8 Dec 2017

8 December 2017 Les Saintes

When we first arrived in Les Saintes, we didn't think that there had been much damage caused by this year's hurricane. How wrong we were. We have walked all round the island in the past few days and it is a story of two halves. The windward side of the island (the eastern side) has been hard hit; trees are down, the beaches are strewn with debris which has yet to be cleared away by the only tractor on the island. It will be a steady, but lengthy process to get the rubbish cleared.

Several houses appear to be taking advantage of the piles of rubbish to dispose of a few unwanted chattels, but who can blame them? In general, the houses and businesses appear to have withstood the onslaught, but we were chatting to one lady about the storm and she told us exactly what happened. The storm raged through the island for 6 hours. As it approached, it rose from a category 1 to 2, then 3, then 4/5 in a very short space of time. Then the island had the eye pass over and the back half hit shortly afterwards. During the storm a few boats were pushed onto the beach and we have noticed that some of the moorings are missing too.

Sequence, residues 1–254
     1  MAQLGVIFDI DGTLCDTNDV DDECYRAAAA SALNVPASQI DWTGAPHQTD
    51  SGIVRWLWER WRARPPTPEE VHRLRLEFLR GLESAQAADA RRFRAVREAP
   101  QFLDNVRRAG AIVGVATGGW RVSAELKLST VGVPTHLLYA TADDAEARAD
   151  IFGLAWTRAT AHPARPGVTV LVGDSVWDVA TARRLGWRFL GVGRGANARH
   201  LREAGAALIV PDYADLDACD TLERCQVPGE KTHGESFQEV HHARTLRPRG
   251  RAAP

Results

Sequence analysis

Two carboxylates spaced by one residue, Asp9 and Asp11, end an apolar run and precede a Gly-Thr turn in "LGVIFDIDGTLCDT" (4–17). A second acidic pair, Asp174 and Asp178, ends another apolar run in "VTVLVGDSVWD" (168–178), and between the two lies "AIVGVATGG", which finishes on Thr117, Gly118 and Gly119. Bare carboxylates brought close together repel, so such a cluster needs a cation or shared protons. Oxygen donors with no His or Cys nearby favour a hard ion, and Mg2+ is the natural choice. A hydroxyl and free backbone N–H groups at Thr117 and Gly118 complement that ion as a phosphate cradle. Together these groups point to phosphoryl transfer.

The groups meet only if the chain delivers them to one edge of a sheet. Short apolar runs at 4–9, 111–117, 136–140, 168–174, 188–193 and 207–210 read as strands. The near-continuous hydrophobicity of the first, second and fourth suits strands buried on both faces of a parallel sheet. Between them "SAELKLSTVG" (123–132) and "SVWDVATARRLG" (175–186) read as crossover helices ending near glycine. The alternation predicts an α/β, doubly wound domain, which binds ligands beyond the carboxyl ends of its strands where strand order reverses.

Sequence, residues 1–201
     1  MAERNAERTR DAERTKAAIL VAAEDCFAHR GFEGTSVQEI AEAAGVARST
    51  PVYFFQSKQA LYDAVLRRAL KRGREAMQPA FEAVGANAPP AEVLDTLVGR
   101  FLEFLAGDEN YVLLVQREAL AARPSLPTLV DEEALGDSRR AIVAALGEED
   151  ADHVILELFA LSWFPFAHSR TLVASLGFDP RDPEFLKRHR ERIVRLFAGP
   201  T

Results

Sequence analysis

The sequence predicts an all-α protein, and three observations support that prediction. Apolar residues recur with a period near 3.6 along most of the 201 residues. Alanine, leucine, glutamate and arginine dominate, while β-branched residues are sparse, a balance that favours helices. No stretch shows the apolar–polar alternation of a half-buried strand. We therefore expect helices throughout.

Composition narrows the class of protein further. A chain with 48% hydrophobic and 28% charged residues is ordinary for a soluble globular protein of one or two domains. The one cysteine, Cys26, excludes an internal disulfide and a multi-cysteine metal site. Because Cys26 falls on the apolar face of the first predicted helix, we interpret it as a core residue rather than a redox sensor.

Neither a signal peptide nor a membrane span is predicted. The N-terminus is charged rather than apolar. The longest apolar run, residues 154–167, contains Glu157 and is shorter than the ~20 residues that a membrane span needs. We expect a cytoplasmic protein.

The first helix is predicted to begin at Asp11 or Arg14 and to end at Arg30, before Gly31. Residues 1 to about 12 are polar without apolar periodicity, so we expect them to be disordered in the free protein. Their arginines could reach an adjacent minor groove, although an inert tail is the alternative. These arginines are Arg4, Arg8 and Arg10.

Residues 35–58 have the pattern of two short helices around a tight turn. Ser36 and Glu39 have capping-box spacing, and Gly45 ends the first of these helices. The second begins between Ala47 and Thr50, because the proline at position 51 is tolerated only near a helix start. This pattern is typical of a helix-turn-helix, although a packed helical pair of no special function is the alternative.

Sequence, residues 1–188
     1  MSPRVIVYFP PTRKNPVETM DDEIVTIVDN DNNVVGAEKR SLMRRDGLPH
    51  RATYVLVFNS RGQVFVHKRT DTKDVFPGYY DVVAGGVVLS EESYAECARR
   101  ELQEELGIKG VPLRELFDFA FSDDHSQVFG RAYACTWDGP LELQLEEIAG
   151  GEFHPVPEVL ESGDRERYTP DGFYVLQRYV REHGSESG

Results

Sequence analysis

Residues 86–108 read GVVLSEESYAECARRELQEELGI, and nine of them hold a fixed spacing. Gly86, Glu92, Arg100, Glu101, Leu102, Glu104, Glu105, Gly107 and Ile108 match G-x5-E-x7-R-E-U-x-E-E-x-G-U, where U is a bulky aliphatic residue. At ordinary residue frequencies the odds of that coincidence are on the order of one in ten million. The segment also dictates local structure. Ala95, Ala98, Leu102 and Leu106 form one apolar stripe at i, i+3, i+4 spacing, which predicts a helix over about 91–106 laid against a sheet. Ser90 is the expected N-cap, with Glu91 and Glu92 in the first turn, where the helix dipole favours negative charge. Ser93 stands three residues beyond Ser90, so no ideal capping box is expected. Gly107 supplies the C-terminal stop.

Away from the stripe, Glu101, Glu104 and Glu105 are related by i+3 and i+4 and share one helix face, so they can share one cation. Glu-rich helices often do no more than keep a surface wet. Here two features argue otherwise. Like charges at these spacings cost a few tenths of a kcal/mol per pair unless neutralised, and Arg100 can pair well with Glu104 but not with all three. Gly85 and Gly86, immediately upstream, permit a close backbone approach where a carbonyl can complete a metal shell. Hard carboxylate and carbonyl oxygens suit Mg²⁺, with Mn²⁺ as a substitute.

It is probably early in the sailing season here, but there are several moorings free every day. Normally it is a scramble in the mornings to grab any buoy that comes free as boats move on. We had a particularly windy night last night, and as I checked our lines this morning I noticed that one of our two lines had virtually chafed through overnight. I replaced the line as soon as I could and we are now ok, but it just goes to show that the weather still wreaks havoc and we can't be complacent.

Yesterday we had lunch at a waterside restaurant called Ti Do Boubou, which gets the best ratings on the island, and the rating is very justified. The food was excellent, the setting sublime, and the company unbeatable (it was just the two of us!).

We are sitting in a really nice cafe using their internet service drinking a belgian beer - I love belgian beer!